4 Reasons Why Your Dog Keeps Running Away And What to Do About It0 comments
Runaway dogs face many risks, from speeding traffic to wild animal encounters. The only way to keep dogs safe from these dangers is to keep those great escapes from becoming a regular issue – and that means finding the cause behind them. Let’s explore some reasons your pup may run away and solutions that can help you to stop runaway behavior for good.
Why Does Your Dog Keep Running Away?
Your Dog Lacks Exercise or Stimulation in Their Normal Environment
One possible reason why your dog keeps running away is a lack of exercise or stimulation. Most dogs need between one to two walks daily and regular mental stimulation – for example, the opportunity to stop and explore while walking. Working dog breeds often require more than this exercise baseline. If you’re unsure how much exercise your dog needs, check this activity calculator to calculate based on your dog’s age and breed.
If you have fallen short in providing your dog with exercise and stimulation…they’ll find a way to exercise themselves. In many cases, this means escaping and taking themselves on a walk (or run) through the neighborhood.
If you believe your dog is running away because they do not get enough exercise or stimulation, the answer is quite simple – increase their daily walks. Add another walk to your dog's schedule and give them plenty of time to explore their changing surroundings. If adding more exercise to your routine is a problem, consider investing in a wireless GPS fence so your dog can explore safely within your property, checking them into doggy daycare, or hiring a pet walker.
Your Dog has a High Prey Drive
Are you wondering how to keep your dog from running away when they are driven by instinct? Many dogs run away because they are chasing a scent. This is particularly true of dog breeds developed to chase down prey, like ridgebacks, rat terriers, salukis, and greyhounds. These dogs are "designed" to lock onto and chase down prey based on sight, sound, or scent – and if they need to jump physical fences to catch that prey, they will.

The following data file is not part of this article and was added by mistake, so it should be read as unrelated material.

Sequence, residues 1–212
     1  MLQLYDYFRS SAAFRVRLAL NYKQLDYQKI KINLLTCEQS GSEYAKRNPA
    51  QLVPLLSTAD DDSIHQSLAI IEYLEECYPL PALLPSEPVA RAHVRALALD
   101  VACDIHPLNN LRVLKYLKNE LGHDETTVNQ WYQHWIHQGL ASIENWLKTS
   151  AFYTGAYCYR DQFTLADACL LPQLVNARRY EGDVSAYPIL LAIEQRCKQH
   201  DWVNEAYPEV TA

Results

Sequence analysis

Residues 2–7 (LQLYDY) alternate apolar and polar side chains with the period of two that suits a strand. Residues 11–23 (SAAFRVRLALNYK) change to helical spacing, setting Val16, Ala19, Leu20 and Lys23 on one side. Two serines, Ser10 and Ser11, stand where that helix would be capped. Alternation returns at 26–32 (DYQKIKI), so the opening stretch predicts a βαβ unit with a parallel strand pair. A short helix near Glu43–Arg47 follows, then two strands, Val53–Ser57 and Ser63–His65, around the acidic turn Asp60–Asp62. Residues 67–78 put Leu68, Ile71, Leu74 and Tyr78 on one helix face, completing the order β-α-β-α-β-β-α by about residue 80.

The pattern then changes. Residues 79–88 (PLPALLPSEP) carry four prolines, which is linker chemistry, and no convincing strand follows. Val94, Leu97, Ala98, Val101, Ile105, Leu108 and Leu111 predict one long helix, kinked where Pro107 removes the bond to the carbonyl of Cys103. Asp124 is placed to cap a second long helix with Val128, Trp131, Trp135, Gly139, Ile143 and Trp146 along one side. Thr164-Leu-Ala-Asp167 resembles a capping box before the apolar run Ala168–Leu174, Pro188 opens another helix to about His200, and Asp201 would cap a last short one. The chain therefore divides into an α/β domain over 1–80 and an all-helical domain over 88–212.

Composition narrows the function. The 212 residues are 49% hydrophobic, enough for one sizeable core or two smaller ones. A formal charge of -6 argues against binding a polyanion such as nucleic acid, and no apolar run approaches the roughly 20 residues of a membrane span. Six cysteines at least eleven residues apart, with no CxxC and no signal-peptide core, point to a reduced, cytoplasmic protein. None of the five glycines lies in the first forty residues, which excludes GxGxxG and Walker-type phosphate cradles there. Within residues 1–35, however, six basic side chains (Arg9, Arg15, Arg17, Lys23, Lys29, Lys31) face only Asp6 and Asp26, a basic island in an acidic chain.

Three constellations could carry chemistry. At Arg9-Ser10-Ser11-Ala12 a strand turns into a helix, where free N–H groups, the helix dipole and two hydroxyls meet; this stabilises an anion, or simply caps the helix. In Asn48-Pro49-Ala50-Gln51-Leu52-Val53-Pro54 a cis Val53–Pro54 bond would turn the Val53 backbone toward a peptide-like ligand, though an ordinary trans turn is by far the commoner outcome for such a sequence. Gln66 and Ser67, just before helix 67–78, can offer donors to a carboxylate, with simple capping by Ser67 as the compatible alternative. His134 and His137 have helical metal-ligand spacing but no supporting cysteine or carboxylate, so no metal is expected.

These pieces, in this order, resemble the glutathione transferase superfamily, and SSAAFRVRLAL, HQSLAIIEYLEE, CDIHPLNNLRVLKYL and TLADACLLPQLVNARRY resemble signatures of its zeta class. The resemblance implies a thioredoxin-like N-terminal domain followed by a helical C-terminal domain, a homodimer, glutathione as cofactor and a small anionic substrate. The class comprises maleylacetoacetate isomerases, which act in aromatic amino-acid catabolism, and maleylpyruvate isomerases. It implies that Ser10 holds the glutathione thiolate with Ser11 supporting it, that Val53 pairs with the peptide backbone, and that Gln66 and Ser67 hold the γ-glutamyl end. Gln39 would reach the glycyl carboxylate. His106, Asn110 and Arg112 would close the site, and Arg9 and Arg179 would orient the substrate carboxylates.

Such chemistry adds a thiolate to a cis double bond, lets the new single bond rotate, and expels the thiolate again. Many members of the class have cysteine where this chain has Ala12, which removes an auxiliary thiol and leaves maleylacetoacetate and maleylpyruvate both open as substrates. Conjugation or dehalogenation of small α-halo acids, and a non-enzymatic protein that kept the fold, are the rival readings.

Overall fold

Your Dog is Anxious
Another common reason for dogs running away is anxiety. Dogs with separation anxiety fear separation from something or someone, and they go searching for that something when forced to be apart.
Other behaviors seen in dogs with separation anxiety include:
- Obsessive barking or whining
- Urinating indoors
- Destroying doors, walls, and fences to escape
Dogs with general anxiety are fearful for many reasons, and like humans, that fear often causes a flight response. Some common reasons for fear in anxious dogs include:
- Unfamiliar territory/new places
- Significant schedule changes
Dogs with separation anxiety often run for "safety," so your first step should always be to contain them securely. Secondly, consult a professional behaviorist and trainer who can help to relieve your dog's anxiety. Obedience training and regular exercise can go a long way in improving your dog’s confidence and overall mental health. If all else fails, consult your veterinarian about trying anxiety medications to relieve your dog's symptoms.